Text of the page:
I'm just lurking on this board since I'm due March 2nd and could end up in Feb, but I actually kind of agree with you but for a different reason. I never really thought about the whole pedophile side of things, but I read an article about parents who refused to allow people to post pictures of their daughter for the whole "it's her life" sort of reason you've mentioned but also because then the whole internet will have photographic evidence of what she looks like from birth to whatever age. People could figure out how she grows and matures and could easily figure out what she'll look like for the rest of her life. That to me was kind of scary to think about. 

    I don't know anyone else personally who avoids social media since all my friends on FB seem to be the annoying mothers who CONSTANTLY update the world on their child's life...but I hope to do the best I can in keeping my child off FB for however long. I realize that like some PPs said, it's gonna happen even accidentally. And I know MIL will probably be my hardest battle because she posts more on FB than I do and will argue that she and FIL and other family members won't get to see our baby growing up in person much because they're all at least 3 hours away and we're all busy with work. So I still have yet to figure out how to accomplish no pictures, but good luck to you!!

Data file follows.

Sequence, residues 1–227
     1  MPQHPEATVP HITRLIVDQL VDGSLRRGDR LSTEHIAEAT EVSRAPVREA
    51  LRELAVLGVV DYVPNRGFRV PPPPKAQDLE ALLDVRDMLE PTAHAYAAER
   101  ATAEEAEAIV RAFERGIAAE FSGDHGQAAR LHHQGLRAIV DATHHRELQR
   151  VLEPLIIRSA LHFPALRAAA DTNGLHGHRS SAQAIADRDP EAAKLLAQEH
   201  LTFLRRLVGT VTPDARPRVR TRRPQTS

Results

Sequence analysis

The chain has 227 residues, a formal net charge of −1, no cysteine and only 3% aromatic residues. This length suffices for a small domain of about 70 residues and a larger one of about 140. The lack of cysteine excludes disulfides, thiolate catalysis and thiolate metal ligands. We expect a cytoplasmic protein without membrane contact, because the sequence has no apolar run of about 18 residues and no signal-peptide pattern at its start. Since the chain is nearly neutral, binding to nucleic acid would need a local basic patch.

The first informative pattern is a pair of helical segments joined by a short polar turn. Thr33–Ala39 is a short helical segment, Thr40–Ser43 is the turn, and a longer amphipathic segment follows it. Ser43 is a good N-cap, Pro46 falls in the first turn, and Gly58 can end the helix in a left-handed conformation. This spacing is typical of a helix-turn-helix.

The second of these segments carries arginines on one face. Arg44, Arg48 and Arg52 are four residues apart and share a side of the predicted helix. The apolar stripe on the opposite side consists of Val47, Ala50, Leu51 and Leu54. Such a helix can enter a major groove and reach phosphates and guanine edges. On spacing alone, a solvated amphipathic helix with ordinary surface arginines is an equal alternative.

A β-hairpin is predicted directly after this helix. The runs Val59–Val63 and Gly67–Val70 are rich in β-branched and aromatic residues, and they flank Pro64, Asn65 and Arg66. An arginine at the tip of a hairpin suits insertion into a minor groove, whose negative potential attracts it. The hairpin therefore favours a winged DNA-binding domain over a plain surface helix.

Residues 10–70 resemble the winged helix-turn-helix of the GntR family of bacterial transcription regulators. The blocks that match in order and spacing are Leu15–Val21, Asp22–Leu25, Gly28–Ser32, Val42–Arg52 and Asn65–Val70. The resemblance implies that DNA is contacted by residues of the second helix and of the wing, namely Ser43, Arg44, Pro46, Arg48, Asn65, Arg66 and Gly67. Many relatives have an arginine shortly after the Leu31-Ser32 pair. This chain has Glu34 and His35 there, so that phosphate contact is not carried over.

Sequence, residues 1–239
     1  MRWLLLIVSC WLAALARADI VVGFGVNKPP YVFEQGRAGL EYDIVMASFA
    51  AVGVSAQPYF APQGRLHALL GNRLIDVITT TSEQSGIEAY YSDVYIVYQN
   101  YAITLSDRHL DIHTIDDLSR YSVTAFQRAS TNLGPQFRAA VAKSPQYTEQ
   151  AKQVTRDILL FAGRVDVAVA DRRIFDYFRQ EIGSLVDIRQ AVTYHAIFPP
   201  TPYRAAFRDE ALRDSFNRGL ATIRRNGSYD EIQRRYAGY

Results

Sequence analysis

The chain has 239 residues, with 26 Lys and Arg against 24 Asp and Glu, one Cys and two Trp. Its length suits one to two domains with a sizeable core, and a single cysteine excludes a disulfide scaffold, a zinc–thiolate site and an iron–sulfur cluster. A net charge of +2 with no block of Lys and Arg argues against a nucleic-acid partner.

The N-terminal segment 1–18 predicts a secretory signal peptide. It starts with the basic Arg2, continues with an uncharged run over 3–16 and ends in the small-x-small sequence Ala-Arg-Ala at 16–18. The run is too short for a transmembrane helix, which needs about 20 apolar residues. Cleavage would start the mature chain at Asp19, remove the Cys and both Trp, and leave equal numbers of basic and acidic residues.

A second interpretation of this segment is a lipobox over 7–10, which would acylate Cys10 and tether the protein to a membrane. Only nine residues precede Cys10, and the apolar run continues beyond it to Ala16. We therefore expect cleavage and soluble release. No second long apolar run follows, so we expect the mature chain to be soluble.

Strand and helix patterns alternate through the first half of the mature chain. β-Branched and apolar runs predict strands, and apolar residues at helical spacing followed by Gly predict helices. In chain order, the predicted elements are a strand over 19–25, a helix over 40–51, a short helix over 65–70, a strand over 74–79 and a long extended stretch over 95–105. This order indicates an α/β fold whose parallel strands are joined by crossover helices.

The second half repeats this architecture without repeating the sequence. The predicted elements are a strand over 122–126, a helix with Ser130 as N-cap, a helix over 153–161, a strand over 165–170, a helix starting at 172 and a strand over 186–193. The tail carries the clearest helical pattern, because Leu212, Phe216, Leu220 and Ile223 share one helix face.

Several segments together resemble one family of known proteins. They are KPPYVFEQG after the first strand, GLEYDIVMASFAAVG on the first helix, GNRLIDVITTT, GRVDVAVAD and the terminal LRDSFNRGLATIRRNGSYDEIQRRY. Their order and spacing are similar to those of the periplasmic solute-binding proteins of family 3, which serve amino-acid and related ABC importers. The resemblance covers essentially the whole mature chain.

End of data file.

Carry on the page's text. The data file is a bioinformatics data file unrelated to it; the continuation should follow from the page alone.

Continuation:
DS1 born 2/28/16
    DS2 due 12/12/18

  • Honestly, you're fighting a losing battle in this era. Pictures of your kid will eventually end up on the internet. Period. They just will. Control what you personally can and let go of the rest or you'll just drive yourself crazy - the kid isn't even here yet and you kind of already are.

    Paedophiles can watch your kid at the park or at the grocery store and there's not much controlling their thoughts about what they see anyways. You're overthinking this. You're not famous (or, who knows, maybe you are), chances are no one is going to go, "Omg! Look at the baby with rosy cheeks and no hair wearing a totally non-identifiable onesie! Definitely katecvwhatever's kid. We should publish it."

    Omgosh! Thank you!!!!!!
  • Anyone else find it amusing that someone has regular contact with 150+ people?